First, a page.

Top Roping is commonly used in climbing gyms where the rope runs from the climber up to anchors above and then back down to the belayer. Top roping a route lets beginning rock climbers safely experience climbing outside. It also allows a climber to work out the harder moves on a tough climb and get familiar with key holds or to safely push their limits. “Hangdogging” involves spending a lot of time resting on the rope while figuring out the best way to ascend. (Maybe you should try an easier route!)
A top rope set up involves a secure anchor at the top of the climb. The rope is run through 2 locking carabiners with the gates opposed. One inch tubular webbing is used to secure the anchor to bolts, a stout tree, or gear (cams, stoppers, etc). The carabiners must be hanging over the lip of the climb so the rope does not touch the rock. Doing so will abrade the sheath and decrease the life of the rope.
As the climber ascends the route, the belayer will take the slack out of the rope. This will tighten the rope running through the carabiners on the anchor at the top of the route. In the event that the climber falls, the belayer should already have all of the slack taken up allowing only the stretch in the rope to catch the climber. The climber then has the option to continue upward or to lower back down and try again.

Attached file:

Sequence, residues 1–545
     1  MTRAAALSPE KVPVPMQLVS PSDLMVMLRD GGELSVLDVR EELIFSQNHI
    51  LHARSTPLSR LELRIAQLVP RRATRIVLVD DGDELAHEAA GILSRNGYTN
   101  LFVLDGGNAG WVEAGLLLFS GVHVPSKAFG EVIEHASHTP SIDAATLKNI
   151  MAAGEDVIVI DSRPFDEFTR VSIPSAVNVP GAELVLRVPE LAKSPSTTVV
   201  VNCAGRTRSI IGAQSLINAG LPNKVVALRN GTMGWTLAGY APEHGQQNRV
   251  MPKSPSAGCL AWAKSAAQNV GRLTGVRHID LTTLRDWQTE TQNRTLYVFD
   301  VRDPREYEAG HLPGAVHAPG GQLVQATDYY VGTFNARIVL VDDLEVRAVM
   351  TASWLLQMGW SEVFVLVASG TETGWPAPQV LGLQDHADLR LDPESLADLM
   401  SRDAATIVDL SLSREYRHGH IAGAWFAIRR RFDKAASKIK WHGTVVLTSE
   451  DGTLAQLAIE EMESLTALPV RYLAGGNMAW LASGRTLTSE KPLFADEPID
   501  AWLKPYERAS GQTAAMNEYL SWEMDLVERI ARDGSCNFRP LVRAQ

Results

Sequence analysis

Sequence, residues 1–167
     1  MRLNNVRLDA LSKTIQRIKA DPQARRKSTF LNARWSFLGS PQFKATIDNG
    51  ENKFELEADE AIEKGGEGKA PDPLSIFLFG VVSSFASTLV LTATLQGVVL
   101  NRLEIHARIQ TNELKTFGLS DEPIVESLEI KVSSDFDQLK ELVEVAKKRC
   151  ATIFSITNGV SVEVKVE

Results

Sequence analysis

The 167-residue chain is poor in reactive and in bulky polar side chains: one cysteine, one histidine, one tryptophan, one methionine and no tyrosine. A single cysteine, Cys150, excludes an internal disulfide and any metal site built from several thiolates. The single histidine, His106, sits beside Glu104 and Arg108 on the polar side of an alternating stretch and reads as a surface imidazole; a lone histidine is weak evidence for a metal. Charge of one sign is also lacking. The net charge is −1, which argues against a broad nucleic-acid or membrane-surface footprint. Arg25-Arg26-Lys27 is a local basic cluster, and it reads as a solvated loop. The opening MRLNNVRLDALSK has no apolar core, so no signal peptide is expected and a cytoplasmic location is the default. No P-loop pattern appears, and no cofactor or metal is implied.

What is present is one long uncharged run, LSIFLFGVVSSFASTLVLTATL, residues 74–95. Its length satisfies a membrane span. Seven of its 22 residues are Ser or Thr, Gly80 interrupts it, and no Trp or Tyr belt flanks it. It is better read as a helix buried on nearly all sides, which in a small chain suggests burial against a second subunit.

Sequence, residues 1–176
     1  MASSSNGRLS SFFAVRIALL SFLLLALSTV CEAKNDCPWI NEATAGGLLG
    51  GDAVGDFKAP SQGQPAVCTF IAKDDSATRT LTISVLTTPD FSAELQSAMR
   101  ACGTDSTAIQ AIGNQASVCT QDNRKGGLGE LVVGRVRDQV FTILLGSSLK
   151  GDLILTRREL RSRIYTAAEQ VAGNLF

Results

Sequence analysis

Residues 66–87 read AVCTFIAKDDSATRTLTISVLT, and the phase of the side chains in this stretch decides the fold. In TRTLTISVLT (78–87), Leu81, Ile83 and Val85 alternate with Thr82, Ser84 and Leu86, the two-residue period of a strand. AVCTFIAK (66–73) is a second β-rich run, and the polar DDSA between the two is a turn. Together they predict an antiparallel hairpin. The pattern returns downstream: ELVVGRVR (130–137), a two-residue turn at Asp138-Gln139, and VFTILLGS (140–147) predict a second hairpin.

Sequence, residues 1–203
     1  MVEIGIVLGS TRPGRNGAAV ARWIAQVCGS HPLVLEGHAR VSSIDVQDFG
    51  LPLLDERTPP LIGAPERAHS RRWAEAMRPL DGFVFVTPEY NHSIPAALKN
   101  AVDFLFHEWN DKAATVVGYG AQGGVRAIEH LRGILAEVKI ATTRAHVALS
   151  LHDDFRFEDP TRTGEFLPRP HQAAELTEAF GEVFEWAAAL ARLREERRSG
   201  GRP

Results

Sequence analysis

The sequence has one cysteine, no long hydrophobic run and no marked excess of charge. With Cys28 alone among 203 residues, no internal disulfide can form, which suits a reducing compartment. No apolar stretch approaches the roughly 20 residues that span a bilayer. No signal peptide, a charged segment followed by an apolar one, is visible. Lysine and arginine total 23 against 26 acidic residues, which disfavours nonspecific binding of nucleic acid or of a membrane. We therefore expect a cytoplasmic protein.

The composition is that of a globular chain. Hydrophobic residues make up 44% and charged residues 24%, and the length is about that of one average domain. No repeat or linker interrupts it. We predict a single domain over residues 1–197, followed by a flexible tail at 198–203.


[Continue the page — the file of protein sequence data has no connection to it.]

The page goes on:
Top roping is hard on a rope. Usually only a short section of the rope will be used at a time, so be sure to switch ends after each climber has had a turn on the rope. This will allow for more even wear and also let the stretch come back in the rope. Use of a rope tarp will help to keep the dirt out of the sheath of your rope too.
Belayers often pay more attention to the climber than they do the slack in the rope. More than one injury has occurred when the belayer allowed the end of the rope to slip through the belay device causing the climber to hit the deck. Make sure you tie a big knot in the tail before you start belaying and be aware of how much rope is needed for each climb to lower off safely. And as always, remember to wear your helmet every time you climb!